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Waite Hoyt Nominated For Baseball Hall Of Fame's Frick Award

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Courtesy Middletown Historical Society
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Waite Hoyt was the voice of the Reds from 1942-1965.

Reds broadcaster Waite Hoyt, who was elected to the Baseball Hall of Fame as a player in 1969, is among eight finalists for the 2019 Ford C. Frick Award for baseball broadcasting excellence.

Hoyt, a former Yankees pitcher, was the Reds voice from 1942 through 1965, when Burger Beer lost the radio rights.

Al Helfer, who did Reds games 1935-37 with Red Barber, also was among the eight nominees for the Frick Award's "Broadcasting Beginnings" cycle honoring "early team voices and pioneers of baseball broadcasting." The Frick Award three-year cycle rotates yearly with "Current Major League Markets" (team-specific announcers) and "National Voices" (broadcasters whose contributions were realized on a national level).

Also nominated were Connie Desmond (Yankees, Dodgers, Giants); Pat Flanagan (Cubs and White Sox); Jack Graney (Indians); Harry Heilmann (Tigers); Rosey Rowswell (Pirates); and Ty Tyson (Tigers). All are deceased.

The winner will be announced Dec. 12 during the baseball winter meetings, and honored Saturday, July 20, during the Baseball Hall of Fame induction weekend in Cooperstown, NY.

Voters include the 11 living Frick Award recipients: Marty Brennaman; Bob Costas; Jaime Jarrin; Tony Kubek; Denny Matthews; Tim McCarver; Jon Miller; Eric Nadel; Vin Scully; Bob Uecker; and Dave Van Horne. Also on the panel are historians Curt Smith, David J. Halberstam and Ted Patterson, as well as Barry Horn from the the Dallas Morning News.

Hoyt, who died in 1984 at age 84, was one of the first players to enjoy a second career in the broadcast booth. He did Reds games for 24 years on WKRC-AM (550), WSAI-AM (1360) or old WCPO-AM (1230).  Hoyt was known for filling rain delays with stories from his playing days, many involving Yankees teammate Babe Ruth, which were released on two record albums.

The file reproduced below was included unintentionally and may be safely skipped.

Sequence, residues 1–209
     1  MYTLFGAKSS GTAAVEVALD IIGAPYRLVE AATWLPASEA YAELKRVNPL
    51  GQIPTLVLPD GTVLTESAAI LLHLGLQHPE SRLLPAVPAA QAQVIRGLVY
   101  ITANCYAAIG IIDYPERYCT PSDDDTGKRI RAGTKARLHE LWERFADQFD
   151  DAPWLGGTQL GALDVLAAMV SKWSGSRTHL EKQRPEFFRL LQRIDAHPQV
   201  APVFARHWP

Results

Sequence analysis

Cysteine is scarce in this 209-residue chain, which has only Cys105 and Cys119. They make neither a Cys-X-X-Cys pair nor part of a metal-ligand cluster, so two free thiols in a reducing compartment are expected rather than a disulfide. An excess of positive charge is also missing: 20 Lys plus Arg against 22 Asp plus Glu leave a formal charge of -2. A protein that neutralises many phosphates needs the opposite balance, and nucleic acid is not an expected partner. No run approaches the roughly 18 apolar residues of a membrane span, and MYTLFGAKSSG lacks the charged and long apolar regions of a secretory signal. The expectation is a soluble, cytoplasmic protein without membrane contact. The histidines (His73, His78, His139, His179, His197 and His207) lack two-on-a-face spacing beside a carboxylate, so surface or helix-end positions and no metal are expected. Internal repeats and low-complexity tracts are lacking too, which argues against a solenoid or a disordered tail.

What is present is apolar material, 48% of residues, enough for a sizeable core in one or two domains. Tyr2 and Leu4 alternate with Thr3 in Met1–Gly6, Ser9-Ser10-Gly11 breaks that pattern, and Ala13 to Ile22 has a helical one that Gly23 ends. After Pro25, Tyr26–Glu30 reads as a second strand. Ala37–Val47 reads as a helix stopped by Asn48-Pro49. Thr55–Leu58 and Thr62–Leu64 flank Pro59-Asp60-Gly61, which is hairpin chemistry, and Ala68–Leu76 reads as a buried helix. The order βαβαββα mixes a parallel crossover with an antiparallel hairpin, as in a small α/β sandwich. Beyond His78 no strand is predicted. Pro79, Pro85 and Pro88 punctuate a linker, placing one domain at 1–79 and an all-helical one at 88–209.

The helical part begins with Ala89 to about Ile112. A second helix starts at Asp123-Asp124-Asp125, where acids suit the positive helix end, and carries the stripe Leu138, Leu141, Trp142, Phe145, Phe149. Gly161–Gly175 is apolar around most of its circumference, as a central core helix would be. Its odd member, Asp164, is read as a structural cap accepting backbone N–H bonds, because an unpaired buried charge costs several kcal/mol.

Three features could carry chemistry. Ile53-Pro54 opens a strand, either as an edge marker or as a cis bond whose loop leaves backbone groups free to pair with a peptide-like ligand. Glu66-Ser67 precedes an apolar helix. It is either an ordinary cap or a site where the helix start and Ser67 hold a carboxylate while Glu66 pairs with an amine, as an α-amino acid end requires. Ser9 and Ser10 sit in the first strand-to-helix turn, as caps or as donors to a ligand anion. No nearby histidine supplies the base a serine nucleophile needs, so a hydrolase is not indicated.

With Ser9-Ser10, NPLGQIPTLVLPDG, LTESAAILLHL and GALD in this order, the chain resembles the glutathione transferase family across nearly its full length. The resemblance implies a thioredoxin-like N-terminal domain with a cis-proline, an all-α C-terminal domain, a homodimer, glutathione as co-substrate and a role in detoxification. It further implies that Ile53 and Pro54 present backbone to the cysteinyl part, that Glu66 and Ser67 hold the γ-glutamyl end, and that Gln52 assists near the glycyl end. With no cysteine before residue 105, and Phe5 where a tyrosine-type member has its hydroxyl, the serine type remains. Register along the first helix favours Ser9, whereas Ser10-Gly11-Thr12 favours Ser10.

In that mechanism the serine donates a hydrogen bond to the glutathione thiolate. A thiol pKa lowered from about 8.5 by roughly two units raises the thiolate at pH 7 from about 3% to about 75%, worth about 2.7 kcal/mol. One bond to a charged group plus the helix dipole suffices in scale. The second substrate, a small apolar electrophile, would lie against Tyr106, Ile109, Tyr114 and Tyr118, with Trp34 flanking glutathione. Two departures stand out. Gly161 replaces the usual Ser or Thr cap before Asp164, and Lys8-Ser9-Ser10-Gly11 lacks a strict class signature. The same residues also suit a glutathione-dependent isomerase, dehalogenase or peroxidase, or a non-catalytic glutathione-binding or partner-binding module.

Hoyt compiled a 237-182 record pitching 21 seasons for the Yankees, Pirates, Dodgers, Tigers, Giants, Boston Red Sox and Philadelphia Athletics. He pitched in seven World Series, six with the 1920's Yankees, and one with the 1931 Athletics.

Helfer, a Pennsylvania native, came to Cincinnati after doing re-creations of Pittsburgh Pirates games. In 23 seasons, he also called games for the Brooklyn Dodgers, New York Giants, Phillies, Houston Colt 45s and Oakland Athletics. He broadcast 14 no-hitters, from Johnny Vander Meer's second consecutive no-hitter for the Reds against the Dodgers in 1938 to Catfish Hunter’s perfect game for Oakland in 1968. He earned the nickname "Mr. Radio Baseball" for doing Mutual Broadcasting's Game of the Day for five years in the 1950s.

Full bios are on the Hall of Fame website. Here's a quick look at the other six finalists:

Connie Desmond got his start in Ohio calling games for the Toledo Mud Hens and Columbus Red Birds before going to New York in 1942. He did Dodgers games with Red Barber, Vin Scully and Ernie Harwell, and Yankees and Giants games with Mel Allen.

Pat Flanagan was one of the first to re-create road games from a Western Union telegraph ticker. He broadcast the first All-Star game from Chicago's Comiskey Park in 1933.

Former Indians outfielder Jack Graney was "the first player to make successful transition from the field to the broadcast booth," the Hall of Fame says. After 14 seasons in uniform (1908; 1910-1922), he did Indians games for 21 years.

Like Hoyt, Harry Heilmann was elected to the Hall of Fame as a player for his 17-year career mostly with Detroit (1914; 1916-29), although he finished with the Reds (1930 and 1932). After retiring with a .342 lifetime batting average, he spent 17 years as the voice of the Tigers on radio and the early days of television.

Rosey Rowswell, the hugely popular Pittsburgh announcer for 19 seasons, was best known for his signature home run call: "Raise the window, Aunt Minnie, here she comes!"

Ty Tyson started doing Tigers games in 1927 from the stands, before broadcast booths were common in the Major Leagues. He called Tigers games for 16 years until replaced by Heilmann, and then did TV games for six years starting in 1947.